At the height of the scandal, however, Hannah Arendt was assured that she would emerge with her reputation intact: any fair-minded person who read the Eichmann book would see her seriousness of purpose, honesty, fundamental goodness, and passion for justice. “A time will come that you will not live to see, when Jews will erect a monument to you in Israel, as they are doing now for Spinoza,” he wrote. “They will proudly claim you as their own.” Now, as the debate began to subside, Jaspers wrote that though she had suffered greatly, the critical uproar was adding to her prestige. Arendt wrote back that she had been warmly received by the mostly Jewish students who had turned out in substantial numbers for her lectures on politics at Yale, Columbia, Chicago, and other universities. “The funny thing,” she told people that after speaking her mind openly she was once again “flooded with invitations from all the Jewish organizations to speak, to appear at congresses, etc. And some of these invitations are coming from organizations that I singled out to attack and named by name.”

In the next few years she would collect a dozen honorary degrees from American universities and be inducted into both the National Institute of Arts and Letters and the American Academy of Arts and Sciences, which awarded her its Emerson-Thoreau Medal for distinguished achievement in literature. For a long moment, which lasted another quarter-century after her death in 1975, Arendt had beaten back her detractors, with her reputation intact. New Yorker editor William Shawn wrote that Arendt’s death had removed “some counterweight to all the world’s unreason and corruption,” that she had been “a moral and intellectual force that went beyond category,” and that her influence “on intellectuals, artists, and political people around the world was profound.”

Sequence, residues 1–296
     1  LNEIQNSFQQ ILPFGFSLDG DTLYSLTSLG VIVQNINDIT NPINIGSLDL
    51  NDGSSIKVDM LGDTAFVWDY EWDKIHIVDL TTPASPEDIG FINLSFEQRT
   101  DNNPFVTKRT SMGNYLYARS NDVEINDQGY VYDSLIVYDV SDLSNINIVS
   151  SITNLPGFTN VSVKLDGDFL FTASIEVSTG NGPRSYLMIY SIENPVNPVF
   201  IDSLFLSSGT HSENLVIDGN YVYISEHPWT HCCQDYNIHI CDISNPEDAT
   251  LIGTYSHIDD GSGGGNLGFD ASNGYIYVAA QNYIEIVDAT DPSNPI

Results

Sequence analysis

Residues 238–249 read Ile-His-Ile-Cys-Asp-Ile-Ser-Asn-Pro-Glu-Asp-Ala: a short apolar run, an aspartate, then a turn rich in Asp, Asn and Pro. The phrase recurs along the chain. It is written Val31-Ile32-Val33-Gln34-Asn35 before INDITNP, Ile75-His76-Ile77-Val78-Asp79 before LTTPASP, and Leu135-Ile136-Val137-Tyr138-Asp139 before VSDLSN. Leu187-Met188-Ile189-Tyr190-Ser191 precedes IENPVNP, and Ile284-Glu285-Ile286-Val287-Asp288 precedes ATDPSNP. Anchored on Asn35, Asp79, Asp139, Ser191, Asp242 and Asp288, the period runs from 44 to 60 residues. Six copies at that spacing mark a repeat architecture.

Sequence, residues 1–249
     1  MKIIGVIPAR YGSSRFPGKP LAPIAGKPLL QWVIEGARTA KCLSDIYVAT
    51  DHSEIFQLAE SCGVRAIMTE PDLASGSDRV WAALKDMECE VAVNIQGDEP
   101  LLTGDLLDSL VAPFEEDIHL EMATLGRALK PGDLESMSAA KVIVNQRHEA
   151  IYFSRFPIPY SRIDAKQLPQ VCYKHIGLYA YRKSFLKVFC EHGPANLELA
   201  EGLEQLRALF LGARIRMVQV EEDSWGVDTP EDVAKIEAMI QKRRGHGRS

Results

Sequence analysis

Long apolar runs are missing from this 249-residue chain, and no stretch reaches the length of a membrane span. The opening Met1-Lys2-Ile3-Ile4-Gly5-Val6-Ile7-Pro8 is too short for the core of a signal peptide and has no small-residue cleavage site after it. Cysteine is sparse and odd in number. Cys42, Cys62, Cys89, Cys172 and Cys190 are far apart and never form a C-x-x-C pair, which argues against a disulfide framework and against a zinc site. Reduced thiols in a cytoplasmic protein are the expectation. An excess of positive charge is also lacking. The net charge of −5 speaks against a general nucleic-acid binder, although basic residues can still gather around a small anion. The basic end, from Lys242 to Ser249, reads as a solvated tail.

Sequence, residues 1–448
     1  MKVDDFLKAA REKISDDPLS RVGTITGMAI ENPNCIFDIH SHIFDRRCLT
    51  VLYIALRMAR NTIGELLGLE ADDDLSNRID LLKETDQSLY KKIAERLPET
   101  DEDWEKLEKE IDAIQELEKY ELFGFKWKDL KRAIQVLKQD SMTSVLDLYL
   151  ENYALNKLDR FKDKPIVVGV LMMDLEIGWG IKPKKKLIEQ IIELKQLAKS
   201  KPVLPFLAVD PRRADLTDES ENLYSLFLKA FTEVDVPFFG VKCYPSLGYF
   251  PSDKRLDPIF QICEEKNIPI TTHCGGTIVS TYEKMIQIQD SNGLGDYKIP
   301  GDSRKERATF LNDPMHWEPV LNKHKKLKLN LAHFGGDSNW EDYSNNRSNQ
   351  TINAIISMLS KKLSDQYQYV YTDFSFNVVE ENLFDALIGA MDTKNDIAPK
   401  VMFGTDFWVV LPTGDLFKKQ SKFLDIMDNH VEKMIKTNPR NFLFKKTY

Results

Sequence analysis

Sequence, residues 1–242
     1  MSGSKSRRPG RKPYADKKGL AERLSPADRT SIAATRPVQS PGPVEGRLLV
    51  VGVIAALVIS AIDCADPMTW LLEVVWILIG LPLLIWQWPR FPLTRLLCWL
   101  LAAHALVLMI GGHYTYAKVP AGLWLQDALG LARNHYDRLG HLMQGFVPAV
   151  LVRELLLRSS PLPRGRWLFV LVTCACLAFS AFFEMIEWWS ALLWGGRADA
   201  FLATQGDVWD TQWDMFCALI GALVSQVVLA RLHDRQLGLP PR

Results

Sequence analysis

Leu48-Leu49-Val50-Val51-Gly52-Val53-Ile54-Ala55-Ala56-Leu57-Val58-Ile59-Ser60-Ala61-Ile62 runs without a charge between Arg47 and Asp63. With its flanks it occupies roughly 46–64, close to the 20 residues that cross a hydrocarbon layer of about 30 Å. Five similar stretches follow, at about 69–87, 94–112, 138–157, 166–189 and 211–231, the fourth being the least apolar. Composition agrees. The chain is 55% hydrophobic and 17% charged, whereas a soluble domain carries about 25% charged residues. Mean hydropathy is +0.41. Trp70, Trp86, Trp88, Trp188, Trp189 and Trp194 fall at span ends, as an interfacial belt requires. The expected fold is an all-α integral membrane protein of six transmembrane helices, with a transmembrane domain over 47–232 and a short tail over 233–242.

The Request Made to the US by King Abdullah of Jordan, Emanuel Macron of France, and Abdullah Sisi of Egypt to the United States

The world cannot and should not ignore the resounding words of King Abdullah of Jordan. Emanuel Macron of France and Abdullah Sisi of Egypt. In plain words these eminent people said, and I quote The U.S. can’t afford to wait to fully embrace the world’s most effective weapon. As we urge all parties to abide by all relevant U.N. Security Council resolutions, we warn against the dangerous consequences of an Israeli offensive on Rafah, where about 1.5 million Palestinian civilians have sought refuge. Such an offensive would only bring more death and suffering, heighten the risks and consequences of mass displacement of the people of Gaza and threaten regional escalation.